Perhaps you could fix this by validating the freshness of the cache, using ETags or something. You'd hit the server, validate what's in your cache is fresh, and then still delay it, thus giving a more complete illusion to the attacker.
I'm not sure if HTTP allows a page to access the TTL of cached data, but if so, you might want to fake that too. If you give the real TTL numbers, then some of the time it's going to look like you just loaded it but it's about to expire.
Where they come apart, I think it’s common to say latency is more important than bandwidth. It certainly is to me, though if you’re on a metered connection, you could certainly view things differently.
It's behind a flag, browser.cache.cache_isolation: https://hg.mozilla.org/mozilla-central/file/tip/modules/libp...
Similarly Chrome has a bunch of feature flags, I'm not sure if they can be enabled from the UI: https://cs.chromium.org/chromium/src/net/base/features.h?typ...
(but I can't find this one yet)
Still can't find this option as a flag though, must be compile time only.
From what I can tell a.example.com, b.example.com, and example.com would all have their own caches, correct?
We have multiple (sub)domains a|b|c.xxx.example.com that share a template, and therefore resources (we're a .edu). If we're now looking at an initial load hit for all of them, that may impact how we've been setting up landing pages for campaigns.
I can't see us completely moving away from a CDN because of the other benefits they provide.
You would expect fewer requests to www.forum.example/moderators/private/ than to, for example, www.forum.example/public. If you look at caching from the server load angle vis-à-vis security, then it could be inexpensive to not cache www.forum.example/moderators/header.css so you would simply not allow browsers to cache this resource.
If site A thinks that allowing the user's browser to cache a certain resource puts them at a security risk, then this resource should be treated as not-public.
<script src='jquery.js' allowcache></script>
That way we can specifically say which items we're willing to share with other sites and which ones we want an independent copy of.
If your plan to fix this situation is "trust that developers are competent and benevolent", we can achieve the same result by not doing anything.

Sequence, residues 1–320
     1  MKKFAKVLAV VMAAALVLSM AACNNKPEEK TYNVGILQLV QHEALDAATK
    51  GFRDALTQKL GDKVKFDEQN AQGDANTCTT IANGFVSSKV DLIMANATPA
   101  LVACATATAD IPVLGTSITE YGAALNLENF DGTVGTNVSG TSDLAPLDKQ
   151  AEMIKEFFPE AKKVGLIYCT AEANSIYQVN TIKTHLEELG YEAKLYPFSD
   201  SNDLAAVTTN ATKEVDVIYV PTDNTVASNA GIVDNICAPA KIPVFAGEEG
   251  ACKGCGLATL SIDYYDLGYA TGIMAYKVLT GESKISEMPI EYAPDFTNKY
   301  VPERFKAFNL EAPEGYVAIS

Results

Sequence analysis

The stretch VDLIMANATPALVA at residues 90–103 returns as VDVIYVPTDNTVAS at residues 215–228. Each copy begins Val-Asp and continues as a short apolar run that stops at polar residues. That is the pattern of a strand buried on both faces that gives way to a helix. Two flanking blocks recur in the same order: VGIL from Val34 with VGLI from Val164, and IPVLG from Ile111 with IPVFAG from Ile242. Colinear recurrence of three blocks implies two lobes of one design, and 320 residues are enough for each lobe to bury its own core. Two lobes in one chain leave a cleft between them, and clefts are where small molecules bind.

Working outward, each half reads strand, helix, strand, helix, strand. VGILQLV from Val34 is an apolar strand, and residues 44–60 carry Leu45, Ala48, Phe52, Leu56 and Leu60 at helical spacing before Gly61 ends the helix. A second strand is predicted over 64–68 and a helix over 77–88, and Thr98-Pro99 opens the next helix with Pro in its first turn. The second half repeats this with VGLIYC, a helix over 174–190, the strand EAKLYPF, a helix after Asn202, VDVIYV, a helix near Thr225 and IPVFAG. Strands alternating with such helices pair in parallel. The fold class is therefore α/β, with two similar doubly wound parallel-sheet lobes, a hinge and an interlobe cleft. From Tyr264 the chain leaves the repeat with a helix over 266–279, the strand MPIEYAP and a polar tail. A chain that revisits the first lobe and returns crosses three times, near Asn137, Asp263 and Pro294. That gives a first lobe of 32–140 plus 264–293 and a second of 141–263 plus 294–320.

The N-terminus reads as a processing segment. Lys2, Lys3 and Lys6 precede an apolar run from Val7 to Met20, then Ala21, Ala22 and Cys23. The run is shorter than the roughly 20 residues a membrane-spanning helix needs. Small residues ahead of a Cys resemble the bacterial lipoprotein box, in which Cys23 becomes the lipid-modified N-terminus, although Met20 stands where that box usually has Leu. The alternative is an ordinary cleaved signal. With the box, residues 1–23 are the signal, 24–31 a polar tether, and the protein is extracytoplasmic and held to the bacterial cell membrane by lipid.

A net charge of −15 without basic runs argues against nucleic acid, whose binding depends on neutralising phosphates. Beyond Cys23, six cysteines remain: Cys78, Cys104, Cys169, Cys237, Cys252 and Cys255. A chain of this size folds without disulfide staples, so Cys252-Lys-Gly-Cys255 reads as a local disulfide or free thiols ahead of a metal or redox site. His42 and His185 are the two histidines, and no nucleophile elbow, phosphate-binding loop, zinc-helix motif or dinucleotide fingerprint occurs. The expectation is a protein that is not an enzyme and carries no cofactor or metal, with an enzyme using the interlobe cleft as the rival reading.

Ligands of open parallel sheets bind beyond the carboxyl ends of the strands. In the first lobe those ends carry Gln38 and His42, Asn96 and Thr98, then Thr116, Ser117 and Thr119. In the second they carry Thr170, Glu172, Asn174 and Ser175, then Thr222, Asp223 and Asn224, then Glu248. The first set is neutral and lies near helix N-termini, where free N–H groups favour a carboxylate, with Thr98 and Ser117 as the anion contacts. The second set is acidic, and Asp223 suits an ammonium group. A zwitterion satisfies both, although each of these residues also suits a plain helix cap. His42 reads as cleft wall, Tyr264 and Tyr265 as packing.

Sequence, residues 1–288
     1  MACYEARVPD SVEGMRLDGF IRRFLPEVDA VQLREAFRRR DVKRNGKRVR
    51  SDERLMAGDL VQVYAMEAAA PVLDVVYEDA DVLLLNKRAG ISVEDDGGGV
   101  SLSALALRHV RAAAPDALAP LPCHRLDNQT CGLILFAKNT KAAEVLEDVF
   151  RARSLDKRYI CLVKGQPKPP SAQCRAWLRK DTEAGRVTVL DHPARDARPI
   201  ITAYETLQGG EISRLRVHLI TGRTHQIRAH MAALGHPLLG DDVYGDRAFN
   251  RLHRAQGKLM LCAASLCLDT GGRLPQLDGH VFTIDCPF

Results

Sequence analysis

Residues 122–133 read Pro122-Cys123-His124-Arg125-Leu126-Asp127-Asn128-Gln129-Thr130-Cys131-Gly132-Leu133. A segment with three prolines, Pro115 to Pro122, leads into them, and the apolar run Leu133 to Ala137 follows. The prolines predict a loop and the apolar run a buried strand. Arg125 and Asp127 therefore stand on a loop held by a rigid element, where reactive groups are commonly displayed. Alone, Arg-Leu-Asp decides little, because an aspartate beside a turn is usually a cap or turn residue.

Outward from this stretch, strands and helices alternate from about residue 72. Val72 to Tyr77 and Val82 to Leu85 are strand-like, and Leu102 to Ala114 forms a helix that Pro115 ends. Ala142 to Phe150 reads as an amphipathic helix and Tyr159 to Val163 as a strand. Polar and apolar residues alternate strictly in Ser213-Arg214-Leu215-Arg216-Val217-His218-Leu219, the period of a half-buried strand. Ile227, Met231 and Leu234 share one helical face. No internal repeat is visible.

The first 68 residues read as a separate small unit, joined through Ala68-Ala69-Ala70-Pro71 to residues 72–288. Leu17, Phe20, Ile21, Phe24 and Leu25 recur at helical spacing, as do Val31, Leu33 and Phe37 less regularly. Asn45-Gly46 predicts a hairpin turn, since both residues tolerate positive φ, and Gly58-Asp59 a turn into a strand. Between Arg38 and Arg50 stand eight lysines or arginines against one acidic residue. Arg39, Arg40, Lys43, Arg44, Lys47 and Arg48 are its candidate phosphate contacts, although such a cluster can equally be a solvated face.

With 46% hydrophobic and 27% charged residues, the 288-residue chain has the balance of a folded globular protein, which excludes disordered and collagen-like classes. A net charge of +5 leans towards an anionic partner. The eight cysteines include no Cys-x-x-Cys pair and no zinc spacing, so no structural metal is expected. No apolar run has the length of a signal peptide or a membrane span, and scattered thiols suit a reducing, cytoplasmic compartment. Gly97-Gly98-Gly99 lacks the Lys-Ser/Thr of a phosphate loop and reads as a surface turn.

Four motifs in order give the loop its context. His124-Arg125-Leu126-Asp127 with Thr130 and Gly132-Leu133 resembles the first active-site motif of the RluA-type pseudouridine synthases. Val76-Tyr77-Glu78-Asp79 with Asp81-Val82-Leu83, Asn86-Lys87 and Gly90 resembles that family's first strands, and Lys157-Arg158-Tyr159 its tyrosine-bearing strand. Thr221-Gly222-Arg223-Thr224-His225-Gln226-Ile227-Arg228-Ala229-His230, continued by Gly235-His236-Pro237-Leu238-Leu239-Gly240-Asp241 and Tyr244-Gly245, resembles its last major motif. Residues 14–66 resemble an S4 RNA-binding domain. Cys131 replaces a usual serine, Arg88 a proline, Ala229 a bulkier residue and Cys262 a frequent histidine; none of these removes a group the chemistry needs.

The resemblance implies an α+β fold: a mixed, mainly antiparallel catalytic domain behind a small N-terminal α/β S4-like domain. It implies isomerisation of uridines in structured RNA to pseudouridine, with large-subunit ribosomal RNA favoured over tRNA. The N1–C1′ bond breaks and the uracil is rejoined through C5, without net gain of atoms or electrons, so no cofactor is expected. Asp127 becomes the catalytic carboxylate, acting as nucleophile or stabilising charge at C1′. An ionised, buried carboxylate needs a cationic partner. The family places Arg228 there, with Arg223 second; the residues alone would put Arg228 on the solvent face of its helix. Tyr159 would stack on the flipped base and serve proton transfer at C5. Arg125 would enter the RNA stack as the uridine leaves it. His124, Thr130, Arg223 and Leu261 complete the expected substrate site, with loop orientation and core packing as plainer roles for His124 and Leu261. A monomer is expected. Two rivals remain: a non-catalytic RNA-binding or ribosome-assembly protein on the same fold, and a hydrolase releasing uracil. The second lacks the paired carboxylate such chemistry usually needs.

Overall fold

"allowcache" would cause developers to do something stupid like put it on all images, but "multisite-shared" may cause developers to make reasonable choices.
A change that makes small sites a bit slower to load things like font becomes another brick in the wall of walled gardens.
The other is people who want things to go faster and flip a lot of switches that sound fast without really understanding what they do, and then not turning off the useless ones because they're not doing any real benchmarking or real-world performance profiling. This group will get little or no benefit but open up security holes.
Given the declining usefulness of shared caching (faster connections, cheaper storage, explosion of libraries and versions), I expect the second group to be one or two orders of magnitude larger than the first.
> I can imagine a future where library payloads will increase significantly.
TBH I see the opposite; to use the focus of the article, jQuery was obviated by browser improvements, the pace of which is not really slowing down.
This sounds to me no different than a developer wanting to opt-out of memory protection, on the basis that it will be a little faster -- and my program doesn't have any bugs or viruses!
For a lib hosted on a CDN, who cares?! However, if someone wants to track if you've been to myservice.com, they could try and load myservice.com/logo.png - if it's from the cache, then bingo, you've been there. That's a leak.